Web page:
The technique explained in this article expects that you own an HTTP server that you can run ruby/bundler on and build your Jekyll site on.
This technique is not available for GitHub Pages.
After several month of Jekylling, I found it tedious to build my site locally and to upload it with
rsync, or something. I wanted my site to be built on the server, so that's what I did.
Then I realized I had another website which was hosting a blog at the "root directory" of your website while serving another Jekyll site at the different directly inside that.
Specifically, I had my dev blog and it also had product pages in the subdirectory and that page took advantage of
_data directory and so on. It would be less confusing if you could source-control the two blogs separately by isolating them into different repositories.
https://example.com/ # A Jekyll site (A) |- /2022/06/20 # Root level blog for site (A) |- /another_product # Separate Jekyll site (B)
I have tinkered around the Jekyll configuration and managed to pull it off, which I'll share with you here.
- Create a source directory in your root blog project and move source there. Remember the dir name, you will use that later
- Include your secondary site as a submodule at the project root
- Edit your root site _config.yml to exclude that submodule from root site build procedure
source: ["src"] # The source directory you have created.
- Build the submodule site
cd submodule_site JEKYLL_ENV=production bundle exec jekyll build cd ..
- In the output directory of your root Jekyll site, create a symlink (e.g., submodule_site) pointing to the output directory of secondary Jekyll site
cd $PROJECT_ROOT/_site ln -s ../submodule_site/_site submodule_site # This will be a part of your actual link!
- Edit your root site _config.yml to include this line
- Build both sites
When you do something like this, you should consider moving your website source into a directory of your choice, as including another Jekyll website as a submodule may confuse Jekyll.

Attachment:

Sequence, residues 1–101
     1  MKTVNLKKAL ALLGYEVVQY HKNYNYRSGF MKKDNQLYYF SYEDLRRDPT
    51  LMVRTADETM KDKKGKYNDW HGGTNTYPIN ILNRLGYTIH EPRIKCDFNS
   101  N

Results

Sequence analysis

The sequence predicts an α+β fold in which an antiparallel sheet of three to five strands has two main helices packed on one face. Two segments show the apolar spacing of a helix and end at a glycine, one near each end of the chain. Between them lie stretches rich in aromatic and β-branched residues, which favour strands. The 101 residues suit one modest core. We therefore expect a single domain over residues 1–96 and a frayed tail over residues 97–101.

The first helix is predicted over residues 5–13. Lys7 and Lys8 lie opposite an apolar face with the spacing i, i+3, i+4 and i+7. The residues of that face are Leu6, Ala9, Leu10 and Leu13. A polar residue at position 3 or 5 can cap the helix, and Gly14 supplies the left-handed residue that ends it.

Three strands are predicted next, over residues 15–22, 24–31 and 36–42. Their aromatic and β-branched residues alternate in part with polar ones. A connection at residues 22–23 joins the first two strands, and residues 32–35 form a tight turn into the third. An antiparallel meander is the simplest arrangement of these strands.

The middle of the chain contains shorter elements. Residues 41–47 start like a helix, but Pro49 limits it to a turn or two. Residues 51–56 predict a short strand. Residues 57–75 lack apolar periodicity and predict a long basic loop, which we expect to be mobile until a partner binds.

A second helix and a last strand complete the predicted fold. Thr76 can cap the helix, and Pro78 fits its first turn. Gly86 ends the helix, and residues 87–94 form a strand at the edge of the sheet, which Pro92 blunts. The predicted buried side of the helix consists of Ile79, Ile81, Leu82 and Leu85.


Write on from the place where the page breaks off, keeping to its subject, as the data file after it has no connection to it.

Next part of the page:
This is because, by default, most of the stuff in the project root is considered the source for the blog. Having another Jekyll project in such place can mangle everything.
Consult my another post on how to do this:
If you put a symlink to the output directory of your submodule site into your source directory (by default it is your project root,) everything blows up at build time for some reason.
Now, the only thing we could possibly do is to create a symlink to the output dir of the submodule site into the output dir of the root site.
cd root_site/_site ln -s ../submodule_site/_site submodule_site
But this does not work as everything in
_site directory is wiped clean every build.
There is, however, a configuration key to stop this behavior.
You can use
keep_files key to tell Jekyll to leave specific files/directories behind before performing a clean on build. This key works for symlinks, too!
By building both the submodule site and the root site, you will have created a working site in the
_site directory. By symlinking the output dir of the root site to your webroot, you can serve the website!